Many children in the US are ready to read e-books and would read more for fun if they could obtain them, a study has found. Parents, however, are not planning on investing in e-readers.
The 2010 Kids and Family Reading Report was released by Scholastic Inc, the US publishers of the Harry Potter series.
The report, which surveyed more than 2,000 children aged 6 to 17 and their parents, showed mixed feelings from families regarding reading e-books.
Six out of 10 of young people aged between 9 and 17 said they’d be interested in reading on an electronic device, such as the Kindle or iPad.
One in three from that age group said they’d find it “more fun” if books were available on an e-reader.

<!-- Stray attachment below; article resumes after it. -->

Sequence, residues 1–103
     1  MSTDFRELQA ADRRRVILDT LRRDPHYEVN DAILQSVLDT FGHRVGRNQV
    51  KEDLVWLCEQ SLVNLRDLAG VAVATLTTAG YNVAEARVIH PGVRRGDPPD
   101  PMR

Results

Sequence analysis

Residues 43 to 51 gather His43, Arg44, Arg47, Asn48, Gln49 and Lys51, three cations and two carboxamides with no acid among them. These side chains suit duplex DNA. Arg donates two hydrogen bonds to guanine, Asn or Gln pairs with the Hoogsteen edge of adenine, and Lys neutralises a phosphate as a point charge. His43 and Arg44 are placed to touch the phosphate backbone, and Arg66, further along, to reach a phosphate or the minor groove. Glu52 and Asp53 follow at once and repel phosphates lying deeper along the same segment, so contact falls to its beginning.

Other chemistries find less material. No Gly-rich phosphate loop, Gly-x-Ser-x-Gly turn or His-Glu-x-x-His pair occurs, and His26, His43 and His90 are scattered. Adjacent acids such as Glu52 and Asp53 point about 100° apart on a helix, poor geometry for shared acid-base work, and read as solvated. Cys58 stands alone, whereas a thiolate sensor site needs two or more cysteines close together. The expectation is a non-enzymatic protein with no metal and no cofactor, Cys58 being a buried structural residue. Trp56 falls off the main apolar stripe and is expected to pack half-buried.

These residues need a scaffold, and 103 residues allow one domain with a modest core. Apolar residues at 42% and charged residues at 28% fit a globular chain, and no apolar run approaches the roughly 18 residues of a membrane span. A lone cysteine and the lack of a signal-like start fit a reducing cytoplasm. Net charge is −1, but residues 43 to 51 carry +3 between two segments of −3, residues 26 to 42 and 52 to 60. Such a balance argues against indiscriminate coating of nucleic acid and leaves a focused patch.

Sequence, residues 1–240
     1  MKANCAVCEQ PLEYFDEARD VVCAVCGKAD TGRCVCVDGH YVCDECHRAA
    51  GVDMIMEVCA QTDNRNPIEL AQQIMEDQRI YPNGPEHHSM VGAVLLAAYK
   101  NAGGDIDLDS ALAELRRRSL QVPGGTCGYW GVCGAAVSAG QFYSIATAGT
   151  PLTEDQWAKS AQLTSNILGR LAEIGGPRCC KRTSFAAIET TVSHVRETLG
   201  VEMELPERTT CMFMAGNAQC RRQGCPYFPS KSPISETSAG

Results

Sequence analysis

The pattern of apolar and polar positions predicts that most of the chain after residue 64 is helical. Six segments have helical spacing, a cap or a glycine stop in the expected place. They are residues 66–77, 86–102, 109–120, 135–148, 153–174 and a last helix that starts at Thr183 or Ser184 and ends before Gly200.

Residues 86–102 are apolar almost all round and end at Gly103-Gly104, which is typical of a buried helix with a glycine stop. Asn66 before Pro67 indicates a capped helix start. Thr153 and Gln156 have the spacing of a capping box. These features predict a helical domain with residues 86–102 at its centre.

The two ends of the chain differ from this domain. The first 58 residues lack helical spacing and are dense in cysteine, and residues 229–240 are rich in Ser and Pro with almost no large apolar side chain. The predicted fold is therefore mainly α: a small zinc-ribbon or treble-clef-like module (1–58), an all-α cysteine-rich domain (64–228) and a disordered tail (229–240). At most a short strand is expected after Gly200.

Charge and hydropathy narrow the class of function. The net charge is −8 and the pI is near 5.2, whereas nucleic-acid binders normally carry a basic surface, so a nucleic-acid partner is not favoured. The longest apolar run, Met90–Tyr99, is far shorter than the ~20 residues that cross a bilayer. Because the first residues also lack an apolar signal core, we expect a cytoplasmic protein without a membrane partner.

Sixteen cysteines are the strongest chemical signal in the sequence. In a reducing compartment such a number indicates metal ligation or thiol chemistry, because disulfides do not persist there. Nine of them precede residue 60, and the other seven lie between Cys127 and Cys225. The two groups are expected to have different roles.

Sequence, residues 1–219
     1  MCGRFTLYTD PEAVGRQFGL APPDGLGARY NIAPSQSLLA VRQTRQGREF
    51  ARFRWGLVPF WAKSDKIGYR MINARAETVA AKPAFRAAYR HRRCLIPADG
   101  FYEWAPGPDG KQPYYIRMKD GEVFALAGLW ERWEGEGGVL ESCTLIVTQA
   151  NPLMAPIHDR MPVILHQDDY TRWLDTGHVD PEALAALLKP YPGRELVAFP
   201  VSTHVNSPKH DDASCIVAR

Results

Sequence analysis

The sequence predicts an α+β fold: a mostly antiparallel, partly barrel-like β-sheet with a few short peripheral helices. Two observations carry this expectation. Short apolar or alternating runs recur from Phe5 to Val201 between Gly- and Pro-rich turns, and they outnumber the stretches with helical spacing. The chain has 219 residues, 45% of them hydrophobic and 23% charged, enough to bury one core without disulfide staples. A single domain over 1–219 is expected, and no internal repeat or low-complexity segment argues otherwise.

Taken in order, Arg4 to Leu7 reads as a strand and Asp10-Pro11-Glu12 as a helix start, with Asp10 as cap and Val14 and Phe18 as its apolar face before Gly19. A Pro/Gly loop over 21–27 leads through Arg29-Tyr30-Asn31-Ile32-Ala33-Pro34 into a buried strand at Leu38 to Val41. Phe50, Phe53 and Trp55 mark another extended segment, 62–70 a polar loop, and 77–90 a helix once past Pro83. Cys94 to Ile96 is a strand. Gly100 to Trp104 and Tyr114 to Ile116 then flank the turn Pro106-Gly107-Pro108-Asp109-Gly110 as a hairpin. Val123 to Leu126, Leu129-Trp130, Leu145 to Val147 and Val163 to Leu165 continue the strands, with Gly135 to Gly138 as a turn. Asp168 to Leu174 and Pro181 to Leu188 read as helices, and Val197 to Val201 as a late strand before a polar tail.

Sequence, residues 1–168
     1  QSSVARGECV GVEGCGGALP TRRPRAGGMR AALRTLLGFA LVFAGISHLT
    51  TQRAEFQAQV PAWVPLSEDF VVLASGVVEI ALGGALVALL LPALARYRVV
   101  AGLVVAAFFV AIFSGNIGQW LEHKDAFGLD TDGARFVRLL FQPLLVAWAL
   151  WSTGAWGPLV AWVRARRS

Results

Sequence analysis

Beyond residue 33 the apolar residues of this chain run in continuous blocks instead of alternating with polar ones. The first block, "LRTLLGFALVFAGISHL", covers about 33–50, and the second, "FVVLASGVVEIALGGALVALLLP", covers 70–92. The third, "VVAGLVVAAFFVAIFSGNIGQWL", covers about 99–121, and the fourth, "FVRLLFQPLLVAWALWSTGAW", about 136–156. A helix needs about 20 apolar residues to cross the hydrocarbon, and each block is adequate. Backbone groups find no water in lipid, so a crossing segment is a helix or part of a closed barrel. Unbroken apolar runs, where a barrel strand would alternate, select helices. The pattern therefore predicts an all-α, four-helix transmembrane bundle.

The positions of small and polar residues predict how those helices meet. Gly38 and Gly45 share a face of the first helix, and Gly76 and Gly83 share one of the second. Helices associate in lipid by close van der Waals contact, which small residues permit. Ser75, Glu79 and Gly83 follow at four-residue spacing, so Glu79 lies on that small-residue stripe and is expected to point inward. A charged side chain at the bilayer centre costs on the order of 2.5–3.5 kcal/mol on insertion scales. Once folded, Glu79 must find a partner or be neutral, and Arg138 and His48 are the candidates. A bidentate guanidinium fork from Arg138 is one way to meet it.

But two-thirds of children would not want to give up printed books entirely.
Parents see the potential in technology to introduce books to children through e-readers, computers and tablets.
However, the report showed that only 6pc of parents surveyed owned an e-reading device and 76pc said they don’t intend to buy one.
Some 16pc wish to have one within the following year.
Kids who read for fun
More than half of children aged between 6 and 8 read for fun, but that percentage drops to 25pc by the ages of 15 to 17 and to just 20pc of boys within that age group.
“We know that around age 8 they start to lose interest in reading,” Scholastic Book Club president Judy Newman said.
“Obviously, digital media is competing for kids’ attention. It’s very important that we as publishers make sure we’re engaging kids in reading for fun.
“There’s an opportunity to use technology to engage kids … We can have great content presented in a digital way.”
The report also saw that many children displayed a high level of trust in information found online. Some 39pc of children aged 9 to 17 said information they found online was “always correct”.